This blog post is going to be a bit strange. It had its origins as a response to a response to a I asked question, but then I thought it started getting long and convoluted so instead I decided to try something a little longer format.
I am a patron of a new podcast called The Mixed Six. The premise is really straightforward, two friends (and their producer) sit down to have a conversation on six different topics with six beers. What makes it special is that the hosts, in my opinion, are a wonderfully intelligent, sharp, funny, critical, and nerdy. I believe in one episode they switched from discussing comic book properties to a Marxist critique of gift cards. As a patron I can submit questions so I asked them if they thought the nerd economy was a bubble. I will do my best to summarize my question and their answers, but you can feel free to listen yourself at 52:15. If you choose to listen you can skip the next four paragraphs.
My question I posed was this (roughly), are we in the midst of a nerd economy bubble? All over the internet there are people trying to make money on YouTube, Twitch, Kickstarter, Patreon, etc. and I question the ability of the market to sustain them. There is also the aspect that young naive creators rush headlong into an industry that ruthlessly exploits them for little in return.
Caleb Stokes admitted that he has feared there is a bubble. Producer Ross Payton made the point that this not a nerd specific phenomenon, ex. make-up tutorials and compared it to the shift from radio to TV, or sheet music to radio. How we consume media. He admitted that there is a lot of exploitation. However, he didn't believe it was a bubble, but a seismic shift. Patreon is a tool that empowers the creators (somewhat).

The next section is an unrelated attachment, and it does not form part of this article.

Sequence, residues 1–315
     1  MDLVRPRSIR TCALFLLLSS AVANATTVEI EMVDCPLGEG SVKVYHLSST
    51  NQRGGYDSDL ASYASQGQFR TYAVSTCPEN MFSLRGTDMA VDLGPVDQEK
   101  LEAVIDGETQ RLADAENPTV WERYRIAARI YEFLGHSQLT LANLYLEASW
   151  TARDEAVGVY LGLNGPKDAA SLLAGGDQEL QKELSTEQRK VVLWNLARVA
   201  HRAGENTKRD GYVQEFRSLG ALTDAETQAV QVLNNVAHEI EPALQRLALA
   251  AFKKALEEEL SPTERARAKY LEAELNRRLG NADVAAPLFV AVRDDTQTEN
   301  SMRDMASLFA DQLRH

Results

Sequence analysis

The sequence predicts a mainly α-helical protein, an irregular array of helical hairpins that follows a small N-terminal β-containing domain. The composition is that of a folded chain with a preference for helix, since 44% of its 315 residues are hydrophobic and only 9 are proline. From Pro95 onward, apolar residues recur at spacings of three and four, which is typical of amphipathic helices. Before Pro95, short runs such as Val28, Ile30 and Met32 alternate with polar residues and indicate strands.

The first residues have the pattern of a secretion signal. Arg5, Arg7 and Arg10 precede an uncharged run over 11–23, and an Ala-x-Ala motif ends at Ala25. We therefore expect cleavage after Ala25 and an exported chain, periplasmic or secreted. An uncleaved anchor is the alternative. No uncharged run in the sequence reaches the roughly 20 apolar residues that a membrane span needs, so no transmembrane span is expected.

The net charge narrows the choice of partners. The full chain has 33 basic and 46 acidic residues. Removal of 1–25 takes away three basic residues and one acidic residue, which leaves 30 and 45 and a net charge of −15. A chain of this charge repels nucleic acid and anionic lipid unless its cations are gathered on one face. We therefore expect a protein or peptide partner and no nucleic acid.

Caleb argued that if there was a bubble that popped it would be on the supply side. Most people who do these projects do them as a side project. A crash would hurt the platforms. While there are huge earners most people are scrapping by for a little extra money. If it goes away it will be because of how platforms treat their users/creators. Quality control is an issue.
Spencer added it does feel like a bubble because there is so much content for people even willing to pay a small amount. However, there is a quality question and a lot of what's out there is bad, so quality and content is the measure. Caleb said that the only other crash he can foresee is that if these things start supporting people's lives as a career and then they begin chasing the money, perhaps from dubious sources. But, the thing with a bubble... no one can see it.
Now my response to their response. Yes, I realize already that this is ridiculous.
First, Ross is absolutely right. It's not a nerd economy, though I think traditional nerdy areas are a significant portion of it. Consider that Twitch is a huge component of this new economy and almost exclusively, until recently, catered to video game streamers. Comedy channels, beauty channels, news, music, and other entertainment are a significant portion of the market out there.